Classic review: The Poisonwood Bible
A Baptist minister brings his version of salvation – and his family – to the simmering Congo of the 1960s.
[This review from the Monitor's archives originally ran on Nov. 19, 1998.] In her newest novel, Barbara Kingsolver takes the kind of artistic risks only a beginner - or a genius - would dare take.There are problems in this big book, but I once knew a ceramics teacher who told his students, "A perfectly centered pot is a dead pot." Despite its uneven quality, The Poisonwood Bible is a vessel that holds our attention and some powerful ideas.Skip to next paragraph
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The story rotates through a series of monologues by the wife and four daughters of a ferocious Baptist preacher from Bethlehem, Ga., who's determined to bring his version of salvation to the incendiary Congo in 1960.
The arrogance of Western missionaries is hardly news, but Price's blinding pride makes for a story that's often comic despite its tragedy. After months of incomprehensible sermons, the minister fails to lure even one soul down to the river for baptism. The natives have no interest in rushing toward salvation in the next life by bathing with crocodiles in this one.
Secure in his superior intellect, Price eventually drives away his kind translator and sends up jumbled prayers to a local version of poison ivy instead of to Jesus. As his acerbic daughter notes, "It is a special kind of person who will draw together a congregation, stand up before them with a proud, clear voice, and say words wrong, week after week."
Even as political explosions roar in the distance and plagues of Biblical proportions descend upon them, Price refuses to let his family flee. The daughters react in strikingly different ways, but Kingsolver's success at portraying them is uneven.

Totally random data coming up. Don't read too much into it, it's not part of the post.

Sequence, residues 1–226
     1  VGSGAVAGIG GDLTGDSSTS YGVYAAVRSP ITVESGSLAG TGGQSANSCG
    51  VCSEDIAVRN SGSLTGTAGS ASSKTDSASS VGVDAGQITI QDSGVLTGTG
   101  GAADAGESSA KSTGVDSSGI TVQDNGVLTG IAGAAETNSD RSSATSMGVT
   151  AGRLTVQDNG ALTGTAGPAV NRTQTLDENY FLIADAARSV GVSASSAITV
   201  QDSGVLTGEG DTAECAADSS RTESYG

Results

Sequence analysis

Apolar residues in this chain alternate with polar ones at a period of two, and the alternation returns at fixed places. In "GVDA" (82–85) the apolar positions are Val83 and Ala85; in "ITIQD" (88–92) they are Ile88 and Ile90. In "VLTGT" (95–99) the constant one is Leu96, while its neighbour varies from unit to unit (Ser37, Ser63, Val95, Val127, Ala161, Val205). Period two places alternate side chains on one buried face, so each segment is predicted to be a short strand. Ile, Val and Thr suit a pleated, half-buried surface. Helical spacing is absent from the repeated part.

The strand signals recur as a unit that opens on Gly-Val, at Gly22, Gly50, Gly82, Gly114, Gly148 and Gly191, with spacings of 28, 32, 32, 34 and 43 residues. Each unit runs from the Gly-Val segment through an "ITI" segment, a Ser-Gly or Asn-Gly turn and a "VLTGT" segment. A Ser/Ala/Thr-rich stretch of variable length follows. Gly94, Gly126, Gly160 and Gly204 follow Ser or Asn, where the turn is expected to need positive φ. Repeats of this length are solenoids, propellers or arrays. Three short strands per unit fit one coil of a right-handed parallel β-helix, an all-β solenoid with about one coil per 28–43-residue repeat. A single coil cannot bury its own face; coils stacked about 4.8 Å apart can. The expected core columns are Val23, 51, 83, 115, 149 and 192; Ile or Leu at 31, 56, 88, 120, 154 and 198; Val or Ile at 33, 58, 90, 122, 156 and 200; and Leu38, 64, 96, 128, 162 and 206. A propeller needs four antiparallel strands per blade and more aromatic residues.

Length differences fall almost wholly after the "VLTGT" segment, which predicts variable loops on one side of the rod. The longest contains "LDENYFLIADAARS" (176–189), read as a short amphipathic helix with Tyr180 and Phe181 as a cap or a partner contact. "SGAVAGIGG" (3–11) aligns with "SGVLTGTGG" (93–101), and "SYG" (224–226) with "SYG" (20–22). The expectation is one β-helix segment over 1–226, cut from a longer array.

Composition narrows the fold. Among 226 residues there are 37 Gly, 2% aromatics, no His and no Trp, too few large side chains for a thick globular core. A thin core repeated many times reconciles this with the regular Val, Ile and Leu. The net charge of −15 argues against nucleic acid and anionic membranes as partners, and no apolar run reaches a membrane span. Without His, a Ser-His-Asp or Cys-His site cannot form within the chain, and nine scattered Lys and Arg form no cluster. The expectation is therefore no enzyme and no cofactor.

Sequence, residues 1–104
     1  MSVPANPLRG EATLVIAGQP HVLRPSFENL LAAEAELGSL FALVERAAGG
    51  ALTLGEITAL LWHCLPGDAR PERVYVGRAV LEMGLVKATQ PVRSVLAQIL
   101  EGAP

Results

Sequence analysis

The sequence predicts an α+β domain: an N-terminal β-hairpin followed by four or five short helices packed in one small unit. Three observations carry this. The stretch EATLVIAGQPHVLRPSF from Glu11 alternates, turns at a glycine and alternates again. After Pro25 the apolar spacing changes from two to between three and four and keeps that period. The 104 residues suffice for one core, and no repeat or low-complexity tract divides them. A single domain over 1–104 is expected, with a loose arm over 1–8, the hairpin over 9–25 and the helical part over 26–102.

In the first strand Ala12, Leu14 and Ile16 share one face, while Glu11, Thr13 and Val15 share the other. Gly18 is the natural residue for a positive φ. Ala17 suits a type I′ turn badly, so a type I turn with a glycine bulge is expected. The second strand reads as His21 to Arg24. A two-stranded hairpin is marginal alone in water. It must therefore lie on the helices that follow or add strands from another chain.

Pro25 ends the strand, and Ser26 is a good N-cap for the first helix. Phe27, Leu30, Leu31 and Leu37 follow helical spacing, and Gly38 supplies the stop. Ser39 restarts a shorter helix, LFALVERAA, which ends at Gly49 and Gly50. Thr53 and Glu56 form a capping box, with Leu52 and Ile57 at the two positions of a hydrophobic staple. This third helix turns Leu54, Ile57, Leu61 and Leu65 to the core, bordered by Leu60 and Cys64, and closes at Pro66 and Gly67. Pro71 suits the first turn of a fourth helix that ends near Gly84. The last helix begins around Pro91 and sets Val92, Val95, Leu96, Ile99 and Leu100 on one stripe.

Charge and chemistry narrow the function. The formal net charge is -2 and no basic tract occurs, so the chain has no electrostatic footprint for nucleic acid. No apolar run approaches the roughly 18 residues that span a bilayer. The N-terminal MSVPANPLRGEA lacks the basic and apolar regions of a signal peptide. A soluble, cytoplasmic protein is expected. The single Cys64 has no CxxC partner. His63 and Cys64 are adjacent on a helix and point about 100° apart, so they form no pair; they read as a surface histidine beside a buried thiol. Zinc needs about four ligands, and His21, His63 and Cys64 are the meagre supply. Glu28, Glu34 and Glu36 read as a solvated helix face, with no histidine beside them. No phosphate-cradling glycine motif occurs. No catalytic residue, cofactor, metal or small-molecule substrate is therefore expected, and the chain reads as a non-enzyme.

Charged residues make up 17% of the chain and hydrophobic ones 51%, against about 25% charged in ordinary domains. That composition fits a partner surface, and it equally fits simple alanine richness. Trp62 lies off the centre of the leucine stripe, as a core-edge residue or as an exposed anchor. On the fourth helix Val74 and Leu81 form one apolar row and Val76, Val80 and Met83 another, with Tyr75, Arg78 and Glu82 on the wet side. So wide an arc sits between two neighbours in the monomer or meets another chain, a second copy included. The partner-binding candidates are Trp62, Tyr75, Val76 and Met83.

The youngest never seems entirely authentic, and the oldest remains so shallow that the point - that not everyone is deepened by struggle - seems belabored.
The other three narrators, though, are fascinating. The minister's longsuffering wife recalls her misadventures in the jungle through a haunting moan of regret. And the mismatched twins, Leah and Adah, provide the real heart of the book. Struggling to be the son Price never had, Leah worships her abusive father until bitter disillusionment sends her reeling into the arms of his opposite. Throughout her life, she remains desperate for an idealism worthy of her devotion.
Bent since birth by a brain injury and denied entrance into the world of girlhood, brilliant Adah has withdrawn into the world of language, a jungle of puns, homonyms, rhymes, and palindromes: "Live was I ere I saw evil." Her ability to read words, the Word, and the world backward and forward mires her in irony even as it gives her insights into social and religious absurdities that no one else can perceive.
"The Poisonwood Bible" is most successful in the first half when its universal insights are conveyed through private moments of transformation, when these women in the crucible of despair come to understand humanity's great need. It's weakest when the family splits apart and the characters become mouthpieces for not particularly fresh statements about the abuses of colonialism.
Nevertheless, Kingsolver is a favorite of American book clubs, and the strands of history and politics woven through this exciting story will make for particularly good discussion.
Looking back at her 17 months in Africa, Adah notes, "No other continent has endured such an unspeakably bizarre combination of foreign thievery and foreign goodwill." With all its complexity, this is a novel worthy of that grand and tragic subject.
Ron Charles is a former Monitor book editor.